Following in the Trump administration’s footsteps, Brazil’s president-elect has announced that he will move his embassy to Jerusalem.
Jair Bolsonaro, dubbed “the Trump of Brazil,” applies the same logic as the American president: It is Israel’s prerogative to choose its capital and other countries shouldn’t object. “Israel is a sovereign state and we shall duly respect that,” he announced.
It’s a Trump-like decision from a Trump-like leader, but don’t think for a moment that America and Brazil are similar cases in relation to Israel. In fact, what makes Brazil’s decision so remarkable is its context.
The American embassy move was in the pipeline for more than two decades. The 1995 Jerusalem Embassy Act demanded the relocation. True, it gave presidents the power to waive the move and many people expected this to happen indefinitely, but nevertheless, Trump’s decision didn’t come out of the blue.
Brazil, by contrast, is a country that just eight years ago said that it considers the West Bank and other areas that Israel has controlled as of 1967 to be Palestine. At the time, in 2010, Brazil recognized Palestinian statehood, answering a call from Ramallah at the height of its push for unilateral statehood, for international players to recognize a Palestinian state.
In fact, Brazil went even further. It “was a pioneer in pushing other South American countries” to recognize a Palestinian state, noted Arie Kacowicz, an international relations professor at Hebrew University.
It takes some absorbing that Brazil could actually end up locating its diplomatic mission to Israel on ground that it has designated “Palestine.”
In all likelihood it will locate the embassy in the western, not the eastern, part of the city, making this a theoretical point, but the mixed messages that its positions of the last decade send highlight the extent of the U-turn that Brazil is making. Bolsonaro has also suggested that he would close or downgrade the Palestinian Authority’s diplomatic mission in Brasilia.
This is the same country that went head-to-head with Israel over its choice of ambassador to the United Nations. In 2015 Israel appointed Dani Dayan, formerly a settler leader, and Brazil objected and informally rejected him.
Israel’s prime minister rushed to call Bolsonaro when he was elected last week, and said he is “certain that your election will lead to a great friendship between our peoples and the tightening of links between Brazil and Israel.” Upon hearing about the embassy decision, Benjamin Netanyahu lauded it as “historic” and called it an “exciting step.”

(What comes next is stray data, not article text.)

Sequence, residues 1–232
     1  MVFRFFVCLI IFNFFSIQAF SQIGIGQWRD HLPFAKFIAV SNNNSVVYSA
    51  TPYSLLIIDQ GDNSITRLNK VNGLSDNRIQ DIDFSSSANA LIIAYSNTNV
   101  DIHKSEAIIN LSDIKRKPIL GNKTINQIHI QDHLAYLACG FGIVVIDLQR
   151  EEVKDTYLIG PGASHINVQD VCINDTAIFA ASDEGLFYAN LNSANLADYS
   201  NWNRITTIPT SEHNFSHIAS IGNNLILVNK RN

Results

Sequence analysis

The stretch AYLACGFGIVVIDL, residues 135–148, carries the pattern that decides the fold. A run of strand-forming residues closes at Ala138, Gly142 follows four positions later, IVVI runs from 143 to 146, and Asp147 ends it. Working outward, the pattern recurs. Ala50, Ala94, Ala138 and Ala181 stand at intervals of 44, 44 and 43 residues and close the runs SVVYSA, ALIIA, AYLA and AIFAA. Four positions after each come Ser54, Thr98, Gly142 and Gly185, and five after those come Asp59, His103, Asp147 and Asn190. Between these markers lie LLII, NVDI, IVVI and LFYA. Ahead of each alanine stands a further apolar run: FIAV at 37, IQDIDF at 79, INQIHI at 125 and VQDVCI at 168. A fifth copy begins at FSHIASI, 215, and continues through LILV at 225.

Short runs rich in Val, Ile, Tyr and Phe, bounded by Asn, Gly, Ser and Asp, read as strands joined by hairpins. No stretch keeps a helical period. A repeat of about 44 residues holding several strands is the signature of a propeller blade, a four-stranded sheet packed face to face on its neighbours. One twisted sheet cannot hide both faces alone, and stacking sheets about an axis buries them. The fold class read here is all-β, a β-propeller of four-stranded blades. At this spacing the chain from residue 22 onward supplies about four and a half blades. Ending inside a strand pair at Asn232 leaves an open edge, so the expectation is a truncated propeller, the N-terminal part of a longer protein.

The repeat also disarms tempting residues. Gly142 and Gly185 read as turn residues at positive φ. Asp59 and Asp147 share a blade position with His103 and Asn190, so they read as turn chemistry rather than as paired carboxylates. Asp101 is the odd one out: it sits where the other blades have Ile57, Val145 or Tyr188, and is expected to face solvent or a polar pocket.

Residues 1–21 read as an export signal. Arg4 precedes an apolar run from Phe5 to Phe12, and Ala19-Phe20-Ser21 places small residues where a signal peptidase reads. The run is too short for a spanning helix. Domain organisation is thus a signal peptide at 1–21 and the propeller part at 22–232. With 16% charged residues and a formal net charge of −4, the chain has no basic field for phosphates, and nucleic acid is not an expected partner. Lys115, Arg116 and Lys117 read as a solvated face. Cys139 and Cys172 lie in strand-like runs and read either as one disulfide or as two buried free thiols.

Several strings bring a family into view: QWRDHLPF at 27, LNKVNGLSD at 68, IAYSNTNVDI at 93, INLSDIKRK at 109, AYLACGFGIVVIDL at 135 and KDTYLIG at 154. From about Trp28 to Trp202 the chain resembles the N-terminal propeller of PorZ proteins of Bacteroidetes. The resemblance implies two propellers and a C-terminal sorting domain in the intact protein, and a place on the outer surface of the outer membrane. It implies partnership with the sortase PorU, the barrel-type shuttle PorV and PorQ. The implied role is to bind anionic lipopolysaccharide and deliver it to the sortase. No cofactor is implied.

The big change from Brazil is exhilarating for Bibi, but it actually tells a story of Israeli vulnerability as well as Israeli diplomatic success. For it shows how, in today’s volatile political environment, the big shifts we are seeing in national politics in various countries can quickly impact policy towards Israel. Currently, the changes favor Israel, but today pendulums swing very quickly.
Kacowicz noted that Bolsonaro’s recognition came shortly after a warm visit to Israel by the hardline Philippines President Rodrigo Duterte and as the relationship between Netanyahu and Hungarian Prime Minister Viktor Orban seems increasingly close. Kacowicz said: “The fact that Israel is so aligned with right-wing leaders in Central and Eastern Europe and elsewhere means Netanyahu is taking a very dangerous bet in terms of Israeli foreign policy. It seems that this wave of the right is going to continue, but it may not continue forever.”
Diplomats here have generally aimed at bipartisan or multi-partisan support overseas, and tried to avoid becoming subject to the changing winds of domestic politics around the world. Brazil’s move will lead the international community, increasingly, to see Jerusalem as an issue for the populist right.
Bolsonaro’s political brand is built on controversial stances and words. He has defended torture and the military regime that ruled Brazil from 1964 until 1985. He called immigrants “the scum of the world,” said that the United Nation’s International Human Rights Day should be called “the day of the losers,” and said that he would be incapable of loving a son if he were gay and that such a child would be better off dead.
None of this delegitimizes Israel or Israel’s desire to see Jerusalem more widely acknowledged as its capital. But when Bolsonaro and Trump, two controversial figures, are the only leaders of large nations moving embassies to Jerusalem, it could make it harder for Israel to encourage others to follow suit.
Imagine how different conversations would be for Israeli diplomats if the Australian prime minister, who was recently mulling relocating his embassy, had decided to do so. It could have really mainstreamed the idea. Bolsonaro’s announcement has done the opposite.
Nathan Jeffay’s column appears twice a month.